Saudi Arabia cleared locusts from 369,391 hectares of land in the Kingdom between February 1 and May 28, the Ministry of Environment, Water and Agriculture said.
The ministry said the general situation is now quieting down, after the “vicious” attack of swarms of locusts during the spring (locusts’ breeding season).
The ministry added that it performed intensive pest control operations during the past four months in Riyadh, Qassim, Hail, and Eastern Province
“The Kingdom was affected by an intense invasion of the desert locust swarms, as a result of the current outbreak which is entering its third year. The threat from neighboring countries remains due to the worsening situation there because of weak surveying and control operations,” the ministry said.
“We see the emergence of a season, different in range and timing, and swarms invade the Kingdom’s southern areas, and move north towards Riyadh, Najran, Asir, and perhaps the heights of Mecca and al-Baha.”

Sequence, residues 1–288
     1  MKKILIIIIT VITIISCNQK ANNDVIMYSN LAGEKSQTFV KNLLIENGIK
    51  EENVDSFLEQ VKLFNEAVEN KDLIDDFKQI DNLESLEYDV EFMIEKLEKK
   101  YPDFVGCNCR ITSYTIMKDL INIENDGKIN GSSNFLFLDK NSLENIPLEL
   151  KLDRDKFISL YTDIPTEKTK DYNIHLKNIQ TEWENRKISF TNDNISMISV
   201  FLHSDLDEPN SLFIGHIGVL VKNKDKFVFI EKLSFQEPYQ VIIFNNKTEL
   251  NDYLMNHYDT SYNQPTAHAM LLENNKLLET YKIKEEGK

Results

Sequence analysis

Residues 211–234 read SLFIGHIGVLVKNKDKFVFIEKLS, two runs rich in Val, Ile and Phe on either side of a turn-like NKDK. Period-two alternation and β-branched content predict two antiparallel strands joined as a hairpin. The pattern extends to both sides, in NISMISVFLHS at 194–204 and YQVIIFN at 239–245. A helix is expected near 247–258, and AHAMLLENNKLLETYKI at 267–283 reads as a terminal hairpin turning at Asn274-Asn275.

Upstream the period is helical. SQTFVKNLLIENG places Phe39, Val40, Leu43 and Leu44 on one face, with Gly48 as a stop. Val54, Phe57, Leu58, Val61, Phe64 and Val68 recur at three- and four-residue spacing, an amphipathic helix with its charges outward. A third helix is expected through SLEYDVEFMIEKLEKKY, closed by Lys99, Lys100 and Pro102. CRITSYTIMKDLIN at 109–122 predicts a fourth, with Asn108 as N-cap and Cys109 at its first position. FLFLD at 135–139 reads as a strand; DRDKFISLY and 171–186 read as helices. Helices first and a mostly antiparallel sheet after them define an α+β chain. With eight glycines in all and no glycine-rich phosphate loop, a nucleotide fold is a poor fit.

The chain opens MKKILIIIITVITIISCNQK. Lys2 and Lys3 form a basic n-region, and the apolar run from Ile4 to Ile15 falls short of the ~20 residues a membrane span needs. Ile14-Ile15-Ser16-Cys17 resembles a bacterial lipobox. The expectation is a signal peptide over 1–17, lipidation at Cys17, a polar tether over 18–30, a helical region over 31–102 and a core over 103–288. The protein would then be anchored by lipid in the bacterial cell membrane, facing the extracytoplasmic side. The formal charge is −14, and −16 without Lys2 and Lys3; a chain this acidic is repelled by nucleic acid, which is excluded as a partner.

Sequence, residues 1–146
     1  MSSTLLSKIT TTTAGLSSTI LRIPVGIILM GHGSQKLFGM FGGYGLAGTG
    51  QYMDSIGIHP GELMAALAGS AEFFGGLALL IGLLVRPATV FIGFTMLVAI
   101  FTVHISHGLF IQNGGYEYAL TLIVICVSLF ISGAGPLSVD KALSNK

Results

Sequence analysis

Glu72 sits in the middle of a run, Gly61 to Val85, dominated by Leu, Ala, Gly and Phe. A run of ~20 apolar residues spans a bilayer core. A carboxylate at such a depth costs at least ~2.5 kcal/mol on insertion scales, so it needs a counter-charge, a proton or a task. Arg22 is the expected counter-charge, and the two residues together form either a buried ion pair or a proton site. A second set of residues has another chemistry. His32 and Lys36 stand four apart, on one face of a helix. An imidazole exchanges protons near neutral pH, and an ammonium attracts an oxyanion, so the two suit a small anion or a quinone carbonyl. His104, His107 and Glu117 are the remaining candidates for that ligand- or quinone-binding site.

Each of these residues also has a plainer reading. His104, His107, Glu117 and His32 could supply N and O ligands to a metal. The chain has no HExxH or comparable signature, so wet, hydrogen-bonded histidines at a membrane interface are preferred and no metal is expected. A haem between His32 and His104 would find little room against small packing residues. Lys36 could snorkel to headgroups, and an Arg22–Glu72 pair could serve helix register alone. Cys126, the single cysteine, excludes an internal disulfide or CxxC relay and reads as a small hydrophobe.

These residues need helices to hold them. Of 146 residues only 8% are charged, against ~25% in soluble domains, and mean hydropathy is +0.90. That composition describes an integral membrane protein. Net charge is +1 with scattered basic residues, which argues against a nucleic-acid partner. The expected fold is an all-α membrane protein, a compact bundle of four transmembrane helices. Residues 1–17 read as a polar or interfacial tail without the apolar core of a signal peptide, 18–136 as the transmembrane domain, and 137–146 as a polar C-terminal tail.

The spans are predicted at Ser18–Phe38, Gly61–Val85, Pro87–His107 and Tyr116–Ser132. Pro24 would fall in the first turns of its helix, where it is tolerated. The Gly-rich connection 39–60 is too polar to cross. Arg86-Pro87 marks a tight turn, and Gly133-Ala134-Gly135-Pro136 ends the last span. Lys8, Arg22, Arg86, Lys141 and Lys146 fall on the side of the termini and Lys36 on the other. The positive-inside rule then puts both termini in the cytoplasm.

“This indicates that this is an irregular season, and that happens when there are desert locust outbreaks in Yemen, Oman and the Empty Quarter,” the ministry added.
After the pest control operations, the situation in the Kingdom will calm down starting from mid-July. Unless another invasion occurs and locusts swarm the heights of the southern regions, indicating that there is a “low-level threat” after swarms of locusts migrate from Iraq towards Yemen and Sudan through Saudi Arabia.
Desert locusts – whose destructive infestations cause major crop damage – are a species of grasshopper that live largely solitary lives until a combination of conditions promotes breeding and leads them to form massive swarms.
The UN’s Food and Agriculture Organization had said in its locust forecast until mid-June, that locust infestations will increase and extend further to areas in the Horn of Africa and southwest Asia.
“Breeding in the Arabian Peninsula caused hopper bands (masses of the “hopper” type of locusts) to form in parts of Saudi Arabia, Iraq and UAE, and hopper and adult groups in northern Oman.”